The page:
The venture fund world has had a metamorphosis since I started investing. Super Angels started writing very large checks. Micro-VC funds started up. More and more angels entered. This is not a bad thing. More capital gets more startups humming and gives innovation a chance to breathe.
However, it’s important that everyone know their role and everyone be cognizant of it. They say that you should “be present”. That applies to investors too. It’s important for them to know their role. Knowing it helps them become better investors and helps the company.
A lot of investors think that when they write a check, they deserve the exact same rights as institutional capital. Just because I write a check that doesn’t mean I deserve a board seat. As an angel it doesn’t mean that I deserve the preferences that come with institutional capital. As a Micro-VC, I won’t get the pomp and circumstance that accrue to the Series B investors. As the company progresses, different investors get to sit in the front of the bus. To be clear, the entrepreneur always drives.
At West Loop Ventures, we are very aware of the role we play. We invest very early and get companies from point A to point B. Then our strategy is to hand the baton off to the next level investors. As a $30M fund, we can only do so much. That actually helps us as investors because we can be very transparent to the marketplace, and to entrepreneurs about what we do.
When I was angel investing, it was something I had to learn. Once I figured out the cadence of investing, and how much of a difference I could make, things came together. For example, once you know your check size and the stage you invest at, you know where you will invest. I remember looking at a deal where I had been a seed investor. It was now at $40M. Does it make sense to write a check at that level? It’s sort of like dumping warm water in the ocean to cool it down.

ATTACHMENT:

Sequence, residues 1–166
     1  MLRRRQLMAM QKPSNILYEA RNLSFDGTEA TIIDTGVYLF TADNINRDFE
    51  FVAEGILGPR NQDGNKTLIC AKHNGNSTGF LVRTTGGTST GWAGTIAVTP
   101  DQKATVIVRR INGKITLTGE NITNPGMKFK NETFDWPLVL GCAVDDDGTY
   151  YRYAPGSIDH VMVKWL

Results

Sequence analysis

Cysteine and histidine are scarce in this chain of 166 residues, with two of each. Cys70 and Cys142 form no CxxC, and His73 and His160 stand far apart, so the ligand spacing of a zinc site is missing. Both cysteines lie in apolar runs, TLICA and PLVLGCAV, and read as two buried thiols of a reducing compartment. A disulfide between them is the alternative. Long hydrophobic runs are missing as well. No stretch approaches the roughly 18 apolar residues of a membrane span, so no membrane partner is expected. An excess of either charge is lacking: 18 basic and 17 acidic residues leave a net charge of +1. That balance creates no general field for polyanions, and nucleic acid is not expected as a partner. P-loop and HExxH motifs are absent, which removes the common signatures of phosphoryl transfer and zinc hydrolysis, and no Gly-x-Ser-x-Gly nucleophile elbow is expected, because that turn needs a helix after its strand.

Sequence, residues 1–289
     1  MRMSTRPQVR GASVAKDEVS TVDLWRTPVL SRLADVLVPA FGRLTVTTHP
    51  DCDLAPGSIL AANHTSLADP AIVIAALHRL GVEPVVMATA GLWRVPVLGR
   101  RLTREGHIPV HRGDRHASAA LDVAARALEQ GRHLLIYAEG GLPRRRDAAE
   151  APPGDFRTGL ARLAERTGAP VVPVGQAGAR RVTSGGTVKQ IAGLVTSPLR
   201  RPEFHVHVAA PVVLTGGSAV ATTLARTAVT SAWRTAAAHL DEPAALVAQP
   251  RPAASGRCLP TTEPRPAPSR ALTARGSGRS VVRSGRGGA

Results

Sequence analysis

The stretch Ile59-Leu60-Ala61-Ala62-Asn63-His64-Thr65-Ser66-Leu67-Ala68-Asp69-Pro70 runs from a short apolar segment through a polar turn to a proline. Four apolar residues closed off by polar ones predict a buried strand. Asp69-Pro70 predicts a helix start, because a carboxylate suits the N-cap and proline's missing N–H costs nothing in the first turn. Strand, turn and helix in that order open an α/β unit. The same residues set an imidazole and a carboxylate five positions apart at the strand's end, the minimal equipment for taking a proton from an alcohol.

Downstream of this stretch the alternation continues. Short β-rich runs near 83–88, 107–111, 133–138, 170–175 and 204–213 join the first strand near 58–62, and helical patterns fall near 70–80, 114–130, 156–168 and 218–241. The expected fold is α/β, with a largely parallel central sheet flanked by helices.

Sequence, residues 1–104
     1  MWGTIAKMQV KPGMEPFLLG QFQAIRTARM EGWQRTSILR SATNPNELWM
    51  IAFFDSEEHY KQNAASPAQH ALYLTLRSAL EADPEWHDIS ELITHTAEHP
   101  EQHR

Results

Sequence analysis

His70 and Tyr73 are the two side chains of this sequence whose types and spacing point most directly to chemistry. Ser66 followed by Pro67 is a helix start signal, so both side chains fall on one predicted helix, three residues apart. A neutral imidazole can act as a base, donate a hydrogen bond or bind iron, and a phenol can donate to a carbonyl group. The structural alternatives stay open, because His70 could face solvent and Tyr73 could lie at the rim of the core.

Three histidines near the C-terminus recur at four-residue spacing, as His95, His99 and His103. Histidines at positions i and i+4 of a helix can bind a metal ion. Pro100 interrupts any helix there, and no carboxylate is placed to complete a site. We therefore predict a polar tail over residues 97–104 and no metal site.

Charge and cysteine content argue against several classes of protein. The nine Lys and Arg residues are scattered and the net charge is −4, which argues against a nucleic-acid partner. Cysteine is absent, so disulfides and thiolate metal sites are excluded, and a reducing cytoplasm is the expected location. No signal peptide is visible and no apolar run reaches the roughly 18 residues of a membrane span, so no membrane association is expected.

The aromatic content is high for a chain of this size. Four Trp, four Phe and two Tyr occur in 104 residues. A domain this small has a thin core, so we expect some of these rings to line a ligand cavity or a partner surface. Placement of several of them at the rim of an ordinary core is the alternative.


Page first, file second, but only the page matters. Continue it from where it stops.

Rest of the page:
The bigger funds can play all the way through the cycle. But, they can’t play in every single deal. They rely on micro-funds and angels to bring them deals. I see our funds role as getting companies ready to take on investment from the larger VC funds. It’s important for smaller funds to build trusting relationships with larger funds-which is one reason I am in San Francisco today.
If you aren’t understanding what I mean, it’s sort of like the evolution of a player and their coaches. The parent that teaches the kid how to play is the angel. The middle school/high school coach is the Micro-VC. The college and pro coach is the bigger VC. When it works and everyone understands their role the player can make the Hall of Fame. The more players that make the hall, the better it is for the coaches.